I’m a big fan of random stuff generators. They can be an incredible tool that sparks your own creativity and, in comparison to adapting (aka stealing) stuff from other sources, they don’t influence you with the added fluff contained in those. I mean, I steal from any source I can and have a lot of fun doing it, but really making those things my own is just that bit harder than if you just have the skeleton.
Take for example Immarion, my elven metropolis in ruins that I’m planning to get inhabited by humans. There are great examples for such a city and as a fellow fan of the Forgotten Realms, Myth Drannor comes to mind immediately; but while I don’t mind if Immarion has a bit of those Myth Drannor vibes that I like so much, I also don’t want this to be just a copy of what has already been done before. And while I might find a lot of valuable things in any of the old 2e setting books, I don’t want to make this into a simple plug ’n‘ play game (apart from any legal issues this would cause).
That’s where random generators can really come in handy. For example, Johnn Four from roleplaying tips.com just mailed my a link to a fantastic city map generator, that I immediately used to get a map for my elven city. I would love to have a full-colored, detailed city map somewhere along the road, but for starters, I can easily use this thing as a template for my adventures playing in this city. In the same vein, I might use a couple of other generators from one of the several fantastic sites I’ve stumbled upon in the past.
For example, I can use other generators to create the demographics of that city, I could fill it with randomly generated buildings and NPCs, I could even create whole plotlines and adventures based on random generators. So this approach can really be helpful to create something on the fly, but it can also serve to help you find a new angle if you get stuck writing your setting.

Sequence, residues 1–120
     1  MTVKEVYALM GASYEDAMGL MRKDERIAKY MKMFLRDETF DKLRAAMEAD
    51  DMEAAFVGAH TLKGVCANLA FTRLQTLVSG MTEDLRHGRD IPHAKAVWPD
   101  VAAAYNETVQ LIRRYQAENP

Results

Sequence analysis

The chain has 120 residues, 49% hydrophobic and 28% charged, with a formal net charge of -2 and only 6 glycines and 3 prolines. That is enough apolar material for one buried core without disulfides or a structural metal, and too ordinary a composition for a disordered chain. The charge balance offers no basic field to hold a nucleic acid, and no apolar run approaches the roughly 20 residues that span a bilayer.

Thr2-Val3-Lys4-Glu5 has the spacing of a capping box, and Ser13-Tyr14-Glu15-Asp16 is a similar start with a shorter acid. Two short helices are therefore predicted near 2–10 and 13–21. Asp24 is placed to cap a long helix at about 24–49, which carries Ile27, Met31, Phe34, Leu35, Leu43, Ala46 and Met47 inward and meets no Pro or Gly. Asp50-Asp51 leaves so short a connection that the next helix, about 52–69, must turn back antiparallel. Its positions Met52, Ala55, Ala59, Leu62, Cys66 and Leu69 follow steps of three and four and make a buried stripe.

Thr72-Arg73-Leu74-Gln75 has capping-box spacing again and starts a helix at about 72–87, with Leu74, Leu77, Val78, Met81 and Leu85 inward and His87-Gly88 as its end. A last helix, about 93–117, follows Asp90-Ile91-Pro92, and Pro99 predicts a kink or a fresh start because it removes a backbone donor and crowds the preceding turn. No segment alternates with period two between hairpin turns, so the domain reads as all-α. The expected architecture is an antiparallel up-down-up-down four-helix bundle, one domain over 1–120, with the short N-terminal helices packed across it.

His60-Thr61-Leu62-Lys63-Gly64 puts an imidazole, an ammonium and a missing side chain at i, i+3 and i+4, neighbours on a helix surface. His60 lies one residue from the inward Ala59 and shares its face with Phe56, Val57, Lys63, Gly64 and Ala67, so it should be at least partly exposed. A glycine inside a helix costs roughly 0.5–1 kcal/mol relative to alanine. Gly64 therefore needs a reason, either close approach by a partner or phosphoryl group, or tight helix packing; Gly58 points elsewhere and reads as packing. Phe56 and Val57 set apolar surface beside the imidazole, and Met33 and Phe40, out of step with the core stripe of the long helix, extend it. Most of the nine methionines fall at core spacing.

In my case, I might use those to get a feel for how the city originally looked like, before it got devastated by the war efforts of the humans and abandoned by the elves. What I especially need will be locations for the PCs to explore, monsters and other opponents to battle and treasure to be found. I already have some ideas about that, but I will probably need a lot of ideas for those parts of the city that aren’t integral to any plot I might come up with.
Here are the sites I frequent most when it comes down to using random generators. They contain a multitude of generators for different topics, so no matter what you look for, you might be able to find it at these sites.
Random Tables, a site I just stumbled about that presents a lot of links to other sites with generators.
And a little shout out to d20srd, a site I used to frequent heavily when I was still running 3E games; when I visited it recently, I was pleasantly surprised to see that not only it got extended to include the 5E SRD, but that also the GM tools section was expended on with different generators.